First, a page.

Hepatitis C treatment in adolescents and young people late but successful, Spanish study shows

5 May 2020 Keith Alcorn
Originally published on www.infohep.org

Treatment for hepatitis C was highly effective in clearing the virus in young people coinfected with HIV and hepatitis C through vertical infection, despite advanced fibrosis in one-third, Spanish researchers report in the Journal of Viral Hepatitis.

Children who acquire both HIV and hepatitis C at birth may be at higher risk of liver damage due to hepatitis C than children infected with hepatitis C alone. Direct-acting antiviral treatment for children has lagged behind adult treatment owing to a lack of studies. Sofosbuvir/ledipasvir (Harvoni) was approved for treatment of children and adolescents over the age of 12 years in 2017 in the United States and European Union.

A clinical trial of sofosbuvir/ledipasvir in adolescents aged 6 to 11 years reported in 2017 that the combination was safe and highly effective and Harvoni and sofosbuvir (Sovaldi) were approved for use in children aged 3 years and over by the US Food and Drug Administration in September 2019 for genotypes 1, 2, 4, 5 and 6.

But real-world data on treatment of hepatitis C in adolescents and young people are lacking.

Spanish researchers reported on the outcomes of 80 children and young people vertically infected with HIV and hepatitis C. The children were being followed as part of a national cohort of children and adolescents with HIV and represent around 85% of vertically coinfected children in Spain. Although they form a small proportion of young people living with HIV (around 4%) in the Spanish national cohort, investigators described this group as especially hard to treat, so these findings are relevant for other settings.

A comparison of 67 of the 80 cohort members with children and young people vertically infected with hepatitis C alone showed that by the age of 20, coinfected cohort members were more likely to have developed advanced fibrosis (26% vs 20%). Progression to advanced fibrosis occurred during adolescence in both groups, emphasising the importance of access to direct-acting antiviral treatment before adolescence (Sainz).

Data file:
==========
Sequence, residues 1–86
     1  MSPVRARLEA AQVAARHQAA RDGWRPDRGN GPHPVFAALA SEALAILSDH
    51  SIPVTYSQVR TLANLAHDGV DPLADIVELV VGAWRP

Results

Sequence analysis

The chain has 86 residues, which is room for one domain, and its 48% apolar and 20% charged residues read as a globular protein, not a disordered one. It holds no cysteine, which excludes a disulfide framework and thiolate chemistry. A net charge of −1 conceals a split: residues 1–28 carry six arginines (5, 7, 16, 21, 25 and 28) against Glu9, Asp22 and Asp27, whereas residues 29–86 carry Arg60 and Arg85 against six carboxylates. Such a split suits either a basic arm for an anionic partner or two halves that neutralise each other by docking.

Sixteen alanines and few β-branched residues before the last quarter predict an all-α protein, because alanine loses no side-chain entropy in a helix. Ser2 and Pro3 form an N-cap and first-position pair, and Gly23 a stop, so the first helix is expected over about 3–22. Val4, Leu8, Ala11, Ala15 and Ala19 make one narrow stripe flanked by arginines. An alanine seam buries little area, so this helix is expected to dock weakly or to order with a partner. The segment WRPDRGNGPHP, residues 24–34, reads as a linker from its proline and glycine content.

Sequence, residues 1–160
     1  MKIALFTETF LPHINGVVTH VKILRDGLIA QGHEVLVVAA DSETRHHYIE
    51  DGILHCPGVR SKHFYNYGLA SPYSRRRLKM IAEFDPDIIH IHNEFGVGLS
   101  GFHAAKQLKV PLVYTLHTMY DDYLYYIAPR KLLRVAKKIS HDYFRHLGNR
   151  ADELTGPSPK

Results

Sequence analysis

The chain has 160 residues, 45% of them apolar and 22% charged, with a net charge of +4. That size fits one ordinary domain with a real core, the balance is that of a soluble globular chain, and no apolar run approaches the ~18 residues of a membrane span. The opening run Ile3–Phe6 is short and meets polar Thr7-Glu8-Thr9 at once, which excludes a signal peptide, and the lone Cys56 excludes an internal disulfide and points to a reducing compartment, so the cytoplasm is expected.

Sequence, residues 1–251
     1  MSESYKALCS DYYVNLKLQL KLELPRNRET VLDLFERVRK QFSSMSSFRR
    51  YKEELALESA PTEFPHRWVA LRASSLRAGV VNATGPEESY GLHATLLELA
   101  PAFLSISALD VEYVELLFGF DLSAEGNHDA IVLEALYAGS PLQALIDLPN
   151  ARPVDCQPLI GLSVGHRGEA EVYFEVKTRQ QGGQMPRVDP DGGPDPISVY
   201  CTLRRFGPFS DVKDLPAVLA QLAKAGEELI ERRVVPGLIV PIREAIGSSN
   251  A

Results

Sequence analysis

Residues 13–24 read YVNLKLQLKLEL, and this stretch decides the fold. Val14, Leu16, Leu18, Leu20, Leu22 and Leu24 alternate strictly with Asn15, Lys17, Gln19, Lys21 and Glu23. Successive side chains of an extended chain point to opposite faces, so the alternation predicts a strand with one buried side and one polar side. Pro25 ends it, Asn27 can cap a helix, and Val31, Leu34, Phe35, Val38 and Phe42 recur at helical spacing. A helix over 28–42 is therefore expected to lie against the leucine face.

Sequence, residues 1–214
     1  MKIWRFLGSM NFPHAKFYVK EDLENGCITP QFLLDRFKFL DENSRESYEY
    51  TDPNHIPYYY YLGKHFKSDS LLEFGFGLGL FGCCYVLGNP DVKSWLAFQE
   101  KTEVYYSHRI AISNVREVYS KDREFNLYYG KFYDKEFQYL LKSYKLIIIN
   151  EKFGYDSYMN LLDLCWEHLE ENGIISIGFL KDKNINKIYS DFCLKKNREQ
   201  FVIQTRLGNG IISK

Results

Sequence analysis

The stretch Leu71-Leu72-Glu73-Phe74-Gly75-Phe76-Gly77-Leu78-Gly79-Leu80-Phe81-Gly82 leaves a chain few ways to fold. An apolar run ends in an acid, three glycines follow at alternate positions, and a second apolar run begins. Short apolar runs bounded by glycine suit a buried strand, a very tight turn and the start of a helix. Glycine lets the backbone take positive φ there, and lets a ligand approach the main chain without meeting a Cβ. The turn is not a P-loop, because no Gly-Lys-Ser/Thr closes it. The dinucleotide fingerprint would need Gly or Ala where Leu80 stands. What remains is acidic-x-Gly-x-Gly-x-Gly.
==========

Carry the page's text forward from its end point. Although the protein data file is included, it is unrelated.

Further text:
Of the 80 children and young people, 27 underwent treatment with direct-acting antivirals between 2015 and 2018. Twenty-two could not be treated due to lack of data on use of the drugs in their age group or concerns about adherence. The remainder were either lost to follow-up or died during follow-up.

The average age of those treated is an indictment of the slow progress in research into hepatitis C treatment in children. The median age at treatment was 23 years and 30% had F3 or F4 fibrosis, indicating advanced liver damage. Only one in four of those treated was under the age of 21. One in five had undergone previous unsuccessful treatment with pegylated interferon and ribavirin, the remainder were previously untreated.

Treated cohort members also had very advanced HIV disease. Just over one in five (22%) had CDC stage C disease – either a CD4 count below 200 or an AIDS-defining illness – at the time they were treated, and treated cohort members had taken a median of seven antiretroviral regimens. All were on antiretroviral treatment at the time of hepatitis C treatment and 24 out of 27 had an undetectable HIV viral load.

The predominant form of direct-acting antiviral treatment was sofosbuvir / ledipasvir (70%) with the remainder treated with one of five combination regimens. Almost all (22 out of 27) underwent 12 weeks of treatment. All were cured of hepatitis C.

“Now that DAAS are approved and available for adolescent use, it would be interesting treating these patients at early adolescence as it is possible and safe,” the study authors conclude. “Treatment of patients before the start of their sexual life would have also benefits in terms of preventing HCV transmission.”